I do not believe that science and nature are two separate entities, but that they intertwine to create the world as a whole. In the poem, "The Learn'd Astronomer" by Walt Whitman, the speaker sharply divides the two, leading the reader to think that one is possibly more beautiful than the other. He even backs away from a scientific lecture about the universe only to gaze up at the stars. To me, the facts and figures that comprise the world are just as important as the world itself.
Whitman seems to imply that over-analyzing nature somehow takes away from seeing it in its true splendor, and that the lecturer himself is blind to the simplicity of the universe around him. If this is the poet's intention, then I would have to disagree. The mathematical figures that comprise the galaxies are equally as beautiful as the galaxies themselves. When he tells his readers, "When I, sitting, heard the astronomer, where he lectured with much applause in the lecture-room, How soon, unaccountable, I became tired and sick," Whitman seems to say that too much knowledge about these things can be an annoyance.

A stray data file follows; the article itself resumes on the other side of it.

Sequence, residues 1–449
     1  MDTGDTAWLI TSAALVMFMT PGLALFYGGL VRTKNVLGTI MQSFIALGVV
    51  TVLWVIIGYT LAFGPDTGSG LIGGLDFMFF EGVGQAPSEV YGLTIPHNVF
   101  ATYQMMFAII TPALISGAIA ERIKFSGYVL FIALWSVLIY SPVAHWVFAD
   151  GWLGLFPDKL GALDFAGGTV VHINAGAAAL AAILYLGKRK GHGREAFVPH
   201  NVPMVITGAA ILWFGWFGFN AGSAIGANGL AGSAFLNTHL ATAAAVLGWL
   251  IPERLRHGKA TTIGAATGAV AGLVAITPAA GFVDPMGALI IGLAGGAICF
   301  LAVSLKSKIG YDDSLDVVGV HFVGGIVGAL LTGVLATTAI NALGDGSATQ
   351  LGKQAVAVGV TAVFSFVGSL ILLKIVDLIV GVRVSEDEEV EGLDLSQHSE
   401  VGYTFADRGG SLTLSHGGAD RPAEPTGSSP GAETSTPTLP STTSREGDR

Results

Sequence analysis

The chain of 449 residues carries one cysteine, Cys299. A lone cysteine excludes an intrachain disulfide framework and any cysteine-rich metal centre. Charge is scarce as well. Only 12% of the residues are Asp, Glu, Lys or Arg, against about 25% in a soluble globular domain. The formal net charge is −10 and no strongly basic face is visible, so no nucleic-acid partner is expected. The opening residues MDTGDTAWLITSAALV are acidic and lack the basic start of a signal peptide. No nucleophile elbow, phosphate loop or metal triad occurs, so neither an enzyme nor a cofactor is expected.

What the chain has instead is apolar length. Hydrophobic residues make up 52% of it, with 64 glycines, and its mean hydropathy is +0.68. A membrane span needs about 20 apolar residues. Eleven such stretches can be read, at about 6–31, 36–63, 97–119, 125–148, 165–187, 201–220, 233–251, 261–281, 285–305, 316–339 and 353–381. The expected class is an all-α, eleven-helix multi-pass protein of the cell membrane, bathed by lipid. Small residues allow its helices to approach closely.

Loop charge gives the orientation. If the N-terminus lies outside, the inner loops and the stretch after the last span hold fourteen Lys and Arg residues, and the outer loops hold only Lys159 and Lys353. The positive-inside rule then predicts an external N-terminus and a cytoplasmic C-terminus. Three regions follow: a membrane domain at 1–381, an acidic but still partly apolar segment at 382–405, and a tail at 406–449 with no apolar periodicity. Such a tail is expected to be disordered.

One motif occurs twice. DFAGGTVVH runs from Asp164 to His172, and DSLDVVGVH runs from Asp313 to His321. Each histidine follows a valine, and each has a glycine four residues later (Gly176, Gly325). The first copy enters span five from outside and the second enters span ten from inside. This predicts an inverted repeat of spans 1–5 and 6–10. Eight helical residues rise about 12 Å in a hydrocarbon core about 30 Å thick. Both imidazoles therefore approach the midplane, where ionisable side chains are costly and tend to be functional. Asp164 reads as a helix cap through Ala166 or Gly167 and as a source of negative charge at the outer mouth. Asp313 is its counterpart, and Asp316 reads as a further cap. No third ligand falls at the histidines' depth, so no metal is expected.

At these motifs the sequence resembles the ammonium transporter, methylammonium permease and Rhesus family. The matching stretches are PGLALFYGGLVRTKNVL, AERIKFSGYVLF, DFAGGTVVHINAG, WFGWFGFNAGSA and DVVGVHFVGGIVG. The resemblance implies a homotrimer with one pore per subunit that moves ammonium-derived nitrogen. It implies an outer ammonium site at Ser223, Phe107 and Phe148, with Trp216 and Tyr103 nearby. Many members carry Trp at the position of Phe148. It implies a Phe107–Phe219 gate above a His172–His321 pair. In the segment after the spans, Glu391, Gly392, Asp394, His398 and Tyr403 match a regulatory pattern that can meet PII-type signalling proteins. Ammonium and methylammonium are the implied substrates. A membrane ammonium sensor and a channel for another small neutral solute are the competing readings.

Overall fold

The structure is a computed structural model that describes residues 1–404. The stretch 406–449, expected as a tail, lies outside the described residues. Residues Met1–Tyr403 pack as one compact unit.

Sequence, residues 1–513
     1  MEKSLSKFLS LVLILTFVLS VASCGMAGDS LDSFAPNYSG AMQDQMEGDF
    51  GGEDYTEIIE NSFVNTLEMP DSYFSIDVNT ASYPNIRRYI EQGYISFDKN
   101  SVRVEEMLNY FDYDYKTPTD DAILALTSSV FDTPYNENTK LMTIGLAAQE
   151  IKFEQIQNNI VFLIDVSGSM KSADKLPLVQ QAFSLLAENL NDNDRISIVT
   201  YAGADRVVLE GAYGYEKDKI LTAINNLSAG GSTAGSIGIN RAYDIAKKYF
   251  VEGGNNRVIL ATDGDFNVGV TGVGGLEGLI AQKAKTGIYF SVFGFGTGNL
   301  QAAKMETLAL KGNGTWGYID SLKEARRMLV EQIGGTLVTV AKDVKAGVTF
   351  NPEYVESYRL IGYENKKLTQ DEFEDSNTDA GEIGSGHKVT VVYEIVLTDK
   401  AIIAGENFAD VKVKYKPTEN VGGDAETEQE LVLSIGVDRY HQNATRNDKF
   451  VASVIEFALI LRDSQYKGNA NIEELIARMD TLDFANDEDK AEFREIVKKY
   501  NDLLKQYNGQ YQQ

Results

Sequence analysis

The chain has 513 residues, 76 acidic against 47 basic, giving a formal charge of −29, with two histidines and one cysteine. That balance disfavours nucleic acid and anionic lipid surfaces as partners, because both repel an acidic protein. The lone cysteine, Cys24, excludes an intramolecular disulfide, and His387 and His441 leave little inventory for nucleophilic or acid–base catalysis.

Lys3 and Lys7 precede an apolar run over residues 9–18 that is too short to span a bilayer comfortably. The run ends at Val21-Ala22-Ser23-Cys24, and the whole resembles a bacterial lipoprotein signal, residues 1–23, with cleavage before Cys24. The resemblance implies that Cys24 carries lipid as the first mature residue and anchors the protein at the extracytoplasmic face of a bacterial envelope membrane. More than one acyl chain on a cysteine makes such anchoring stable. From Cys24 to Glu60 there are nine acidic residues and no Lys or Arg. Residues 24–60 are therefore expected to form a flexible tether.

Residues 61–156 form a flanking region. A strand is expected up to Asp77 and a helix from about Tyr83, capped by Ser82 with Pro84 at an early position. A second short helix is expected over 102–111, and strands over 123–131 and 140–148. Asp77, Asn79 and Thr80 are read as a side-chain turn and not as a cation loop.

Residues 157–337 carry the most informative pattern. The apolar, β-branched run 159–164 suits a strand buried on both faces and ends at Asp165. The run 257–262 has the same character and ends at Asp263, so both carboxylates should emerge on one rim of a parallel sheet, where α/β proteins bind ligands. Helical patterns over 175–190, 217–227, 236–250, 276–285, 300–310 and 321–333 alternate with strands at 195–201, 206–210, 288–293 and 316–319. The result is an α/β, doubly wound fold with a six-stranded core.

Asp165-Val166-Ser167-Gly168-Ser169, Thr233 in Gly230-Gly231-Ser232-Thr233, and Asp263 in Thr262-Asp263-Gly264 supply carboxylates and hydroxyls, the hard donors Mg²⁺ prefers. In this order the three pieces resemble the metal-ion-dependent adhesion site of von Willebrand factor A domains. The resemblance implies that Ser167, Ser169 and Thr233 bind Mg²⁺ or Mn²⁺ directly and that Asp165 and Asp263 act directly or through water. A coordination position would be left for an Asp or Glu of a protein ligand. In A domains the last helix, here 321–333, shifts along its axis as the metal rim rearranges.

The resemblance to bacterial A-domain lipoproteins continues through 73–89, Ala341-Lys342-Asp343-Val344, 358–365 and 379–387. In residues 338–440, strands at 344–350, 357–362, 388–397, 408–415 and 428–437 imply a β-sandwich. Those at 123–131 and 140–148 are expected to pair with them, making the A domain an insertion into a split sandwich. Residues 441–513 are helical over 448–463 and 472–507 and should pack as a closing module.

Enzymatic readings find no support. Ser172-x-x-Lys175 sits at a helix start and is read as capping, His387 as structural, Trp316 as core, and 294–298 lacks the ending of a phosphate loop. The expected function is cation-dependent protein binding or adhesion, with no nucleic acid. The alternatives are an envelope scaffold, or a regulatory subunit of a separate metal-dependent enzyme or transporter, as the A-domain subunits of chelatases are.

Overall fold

In contrast, I see mankind's curiosity as part of the universe, and I cannot appreciate the whole without appreciating the sum of its parts.
The second item that this poem makes me wonder about is Whitman's possible objections toward scientific discovery. The poem, written in the nineteenth century, illustrates some of the scientific development and breakthroughs going on in that era. Whitman states that, "I was shown the charts and the diagrams, to add, divide, and measure them," and later acknowledges the lecturer's ideas as genuine and new when it is met with, "much applause in the lecture-room." Of course, it is a scientist's job to pick...